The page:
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Posted by Nick Dent on 8th June 2016

Guidance for Charity Trustees in decision making. 

Muirfield Golf Club has been in the news recently after maintaining its ban on women members in a vote.


To admit women golfers as members, Muirfield – a privately owned links in East Lothian run by The Honourable Company of Edinburgh Golfers – needed two thirds (432) of its 648 eligible voters to back the move.


Of the 616 members who voted, 397 – or 64% – voted for the resolution, while 219 (36%) voted against it.


In many voluntary organisations such formal voting is relatively uncommon.  The intention is to reach a consensual decision with which everyone agrees, or agrees to accept even if they do not fully agree with it.


There are occasions, however, when a formal vote is required.


How can we vote?

The most obvious method of voting is a show of hands, but as an alternative the members can use their voice, engage in a poll or a ballot, or by division when the members physically move into an area to show how they are voting.  This method is used in the Houses of Commons when the members of the assembly take a rising vote (stand up) or go to different parts of the chamber, literally dividing into groups indicating a vote in favour of or in opposition to a motion.


Can the chair vote?

Unless the governing document specifies otherwise, the person chairing the meeting has a right to vote.  He or she may be entitled to a second or casting vote in the case of a tie.  Note, however, that the Companies Act 2006 prevents a company resolution from being passed with a second or casting vote in any company registered on or after 1 October 2007.


What is a Proxy?

A proxy is a person appointed to represent a member who cannot attend a meeting.


Every company member has the right to appoint a proxy but, as an example, if a member of a charitable incorporated organisation wishes to appoint a proxy then there must be specific provision for him or her to do so within the constitution.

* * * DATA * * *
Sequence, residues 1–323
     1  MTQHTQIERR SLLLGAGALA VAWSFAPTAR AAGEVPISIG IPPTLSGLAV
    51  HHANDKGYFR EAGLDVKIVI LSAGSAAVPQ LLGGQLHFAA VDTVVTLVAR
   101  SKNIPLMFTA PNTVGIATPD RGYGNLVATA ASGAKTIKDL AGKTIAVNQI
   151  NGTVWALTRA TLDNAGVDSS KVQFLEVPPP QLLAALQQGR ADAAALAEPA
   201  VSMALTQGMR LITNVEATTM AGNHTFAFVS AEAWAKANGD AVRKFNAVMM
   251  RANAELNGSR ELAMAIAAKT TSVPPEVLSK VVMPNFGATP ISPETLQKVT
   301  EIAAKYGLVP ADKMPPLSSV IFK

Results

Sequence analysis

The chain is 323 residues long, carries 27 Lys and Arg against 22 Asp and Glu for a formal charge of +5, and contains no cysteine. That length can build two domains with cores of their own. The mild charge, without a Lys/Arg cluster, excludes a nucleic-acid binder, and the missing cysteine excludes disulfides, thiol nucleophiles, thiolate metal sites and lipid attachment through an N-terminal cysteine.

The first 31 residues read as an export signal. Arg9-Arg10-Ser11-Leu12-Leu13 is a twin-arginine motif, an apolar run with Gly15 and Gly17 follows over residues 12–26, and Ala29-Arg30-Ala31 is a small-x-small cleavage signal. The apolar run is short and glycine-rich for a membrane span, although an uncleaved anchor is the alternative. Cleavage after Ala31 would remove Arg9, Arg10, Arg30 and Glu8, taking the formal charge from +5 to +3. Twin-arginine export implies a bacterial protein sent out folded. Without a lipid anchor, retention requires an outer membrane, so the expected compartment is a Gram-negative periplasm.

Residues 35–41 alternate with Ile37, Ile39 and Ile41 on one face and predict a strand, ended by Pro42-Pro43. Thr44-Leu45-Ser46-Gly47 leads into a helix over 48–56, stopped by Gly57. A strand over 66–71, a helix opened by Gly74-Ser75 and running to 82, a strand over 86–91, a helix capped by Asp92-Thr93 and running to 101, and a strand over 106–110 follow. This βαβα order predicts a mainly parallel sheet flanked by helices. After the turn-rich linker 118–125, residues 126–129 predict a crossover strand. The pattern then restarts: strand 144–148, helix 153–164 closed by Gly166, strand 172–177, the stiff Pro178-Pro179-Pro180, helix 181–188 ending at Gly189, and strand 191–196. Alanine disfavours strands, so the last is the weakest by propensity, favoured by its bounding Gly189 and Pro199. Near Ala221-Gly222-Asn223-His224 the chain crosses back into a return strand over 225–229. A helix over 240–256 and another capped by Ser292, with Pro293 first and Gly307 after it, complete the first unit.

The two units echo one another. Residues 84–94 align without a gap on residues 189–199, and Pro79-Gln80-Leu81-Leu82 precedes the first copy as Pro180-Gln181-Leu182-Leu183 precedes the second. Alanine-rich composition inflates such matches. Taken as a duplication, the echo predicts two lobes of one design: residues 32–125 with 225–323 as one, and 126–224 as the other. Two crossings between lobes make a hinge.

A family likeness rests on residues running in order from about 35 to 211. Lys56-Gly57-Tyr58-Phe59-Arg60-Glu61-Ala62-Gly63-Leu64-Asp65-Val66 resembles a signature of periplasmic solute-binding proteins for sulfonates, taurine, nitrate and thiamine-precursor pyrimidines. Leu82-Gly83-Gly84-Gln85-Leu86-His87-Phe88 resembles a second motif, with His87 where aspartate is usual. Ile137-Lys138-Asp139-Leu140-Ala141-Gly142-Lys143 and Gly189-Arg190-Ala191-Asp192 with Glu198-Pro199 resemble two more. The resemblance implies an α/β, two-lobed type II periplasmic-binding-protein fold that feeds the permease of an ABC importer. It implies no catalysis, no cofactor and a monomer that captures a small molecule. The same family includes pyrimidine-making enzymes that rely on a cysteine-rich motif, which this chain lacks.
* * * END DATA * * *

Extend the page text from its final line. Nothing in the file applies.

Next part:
Can I vote by post?

Provided that the governing document specially allows members to do so, then a postal voting procedure can be used alongside or instead of voting in person and proxy voting.


More recently, charities have begun to make use of electronic means of voting.  Strong governance procedures will help charities manage their meetings and ensure that they are always carried out correctly.


How is the winner declared?

There should be careful consideration of the governing document.  A simple majority means more than half the votes but this is not necessarily the same as having the highest number of votes (or first past the post).


A resolution requiring ‘at least 75% of the votes cast’ or ‘a three quarters majority’ would need nine votes out of twelve; a resolution requiring ‘more than three quarters of the votes cast’ or ‘more than 75%’ would need ten.


How is the number of votes calculated?

This is where matters might not be so straightforward.  Does the governing document provide that the total is based on the number of members present and voting?  Or the number of members present and entitled to vote?  Or the total number of members eligible to vote?  Or the number of votes cast?  And what should one do with abstentions?


What is a Quorum?

 A quorum is the minimum number of members necessary to conduct the business of that group.


In an unincorporated association, this all the members of the governing body and in a company it is the majority of the directors.  The minimum number of directors required for a quorum can otherwise be stipulated in the governing document.


How will the EU Referendum work?

Although not charity related, it can be seen how many of the principles applied to parliamentary elections and referendums are applied to voluntary organisations.


All the votes in the EU Referendum will be counted and then added up, with a straight majority needed to provide the result.  There is no minimum turnout needed.  So if, for the sake of argument, only three people voted on the day, if two of them voted to leave, that would be the result.


Nick Dent has been a Presiding Officer for Middlesbrough Council as occasion requires at Mayoral, Parliamentary, and European Elections since May 2007, having previously been a Poll Clerk since May 2003.

The role of Presiding Officer is accountable to Legal and Democratic Services within a local authority.  Presiding Officers are responsible for the conduct of the ballot in the polling station and must have a sound knowledge of the voting procedures.

For further advice and assistance on charity matters contact Nick Dent.


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